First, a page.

Thursday, January 25, 2018

Amazon delivery

Three packages were being tracked for delivery. Ping. Amazon tracking says one is in the mailbox and two are at the front door. I check the door. Nothing there.

I'm hoping all three are in the mailbox but I learned it's best to be pessimistic. If not, I'll have to go looking. Where would I start? My floor.

Within the short distance to the elevator I notice two packages in front of a neighbor's door. A black woman who knows me. We speak to each other. I hear her speaking behind her door. The packages are mine, and just bending down to read the labels makes me feel weird as if I'm snooping around someone else's bizwax. Do I knock on the door and tell her I'm taking my packages? Why?

Just take them. Leave her alone. There's no point in making her answer her door just to talk to me and bring this to her attention, from her point of view, for nothing.

Then I visualize her picking them up before I see them and opening them before reading the label and being confused and disappointed with wakame and bonito. I'm certain she'd have no idea what to do with them. I'm not certain she'd bring them to me.

Culture clash, right there. A black American presented with ordinary Japanese ingredients and nothing useful can happen. Not even imagined. And no point in discovering what these things are. It's likely she'd trash them, rather than admit she opened my packages. Because no one would know.

Oh man, I just now had a serious déjà vu thing happen like an intrusion from an alternate reality where she does return them and gets angry at me imagining otherwise in this reality.

Speaking of different cultures. Now I'd like to show something else. Change of subject.

This came through a group email today. Students studying Middle Egyptian hieroglyphs are presented with S placed in front of a word.

We put an S after a word to pluralize things and with an apostrophe to show possession. Egyptians wrote an S in front of a word to indicate causation. The word group caused something.

The emailer find this a charming example. He writes to the group: Note that Faulkner writes "caus." after the hieroglyphs and transliteration. He's pointing out that it's an S-causitive verb.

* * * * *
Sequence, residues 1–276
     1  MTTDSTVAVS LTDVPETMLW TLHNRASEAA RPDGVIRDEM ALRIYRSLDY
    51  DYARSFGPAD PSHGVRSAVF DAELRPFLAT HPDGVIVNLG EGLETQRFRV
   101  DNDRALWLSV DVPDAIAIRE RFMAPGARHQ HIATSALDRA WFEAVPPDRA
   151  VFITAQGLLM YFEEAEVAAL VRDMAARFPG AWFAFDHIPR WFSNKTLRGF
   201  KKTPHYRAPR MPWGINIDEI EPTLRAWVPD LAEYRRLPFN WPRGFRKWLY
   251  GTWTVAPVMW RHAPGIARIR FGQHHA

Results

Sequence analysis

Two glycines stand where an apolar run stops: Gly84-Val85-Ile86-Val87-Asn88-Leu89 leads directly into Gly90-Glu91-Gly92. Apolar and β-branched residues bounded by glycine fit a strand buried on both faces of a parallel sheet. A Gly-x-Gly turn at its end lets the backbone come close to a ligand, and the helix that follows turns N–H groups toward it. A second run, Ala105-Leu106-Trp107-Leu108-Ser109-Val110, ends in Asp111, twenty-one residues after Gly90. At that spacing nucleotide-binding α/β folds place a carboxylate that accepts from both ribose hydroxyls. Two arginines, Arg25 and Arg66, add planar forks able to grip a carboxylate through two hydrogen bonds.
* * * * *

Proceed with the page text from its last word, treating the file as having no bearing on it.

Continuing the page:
Me now: Ankh means life, as you know, a thing, and now it's a verb, and not only that, it's a verb now that causes something. I like this for its handwriting. I like seeing people's handwriting in hieroglyphics, as I like seeing people's handwriting in sign language. It's fascinating. And it's cute.

Faulkner is so smart. He sees that S-ankh means "revive dead" or "nourish, feed" or "perpetuate a name." And S-ankh-seated man means "sculptor." That's terribly intuitive. I'm impressed.


AllenS said...

So, did you take your packages?

Chip Ahoy said...


edutcher said...

Good thinking on letting her know.

She could have gone all Skippy Gates on you.

Or something.

Amartel said...

One of my neighbors came over the other night and said she had tracked a package and it had been delivered by mistake to me. I've been busy so I had just piled up deliveries and not checked them. She was right! I had one of her packages and forked it over immediately, of course. She knew I had it because the tracking website for that delivery service had a photo of the delivery and the photo included my doormat, which is distinctive (and no, it does not say "fuck off" or anything like that) which is how my neighbor knew I had it. We laughed about how intrusive overbearing technology can sometimes actually help consumers. Next thing they'll put bodycams on the delivery guys. Or more likely the delivery guy will be a delivery robot drone.

chickelit said...
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chickelit said...

So, an update on the vegan Swedes: They loved my mango salsa with tortilla chips as an appetizer -- they were so hungry they nearly spoiled their appetites.

We made faux-hitos -- all the fixin's but the meat. Meanwhile, the pescatarians got fish tacos. Queso fresco all around. Fresh avacado guac.

Did you know that you can make your own taco shells from soft corn tortillas? Just spritz them with a little olive oil (Trader Joe's sells it in cans), nuke them for 30 s or so to make them super floppy and bake them at 375 hanging from the metal rack wires for 12 m. Mmm, mmm, mmm as Oprah used to say.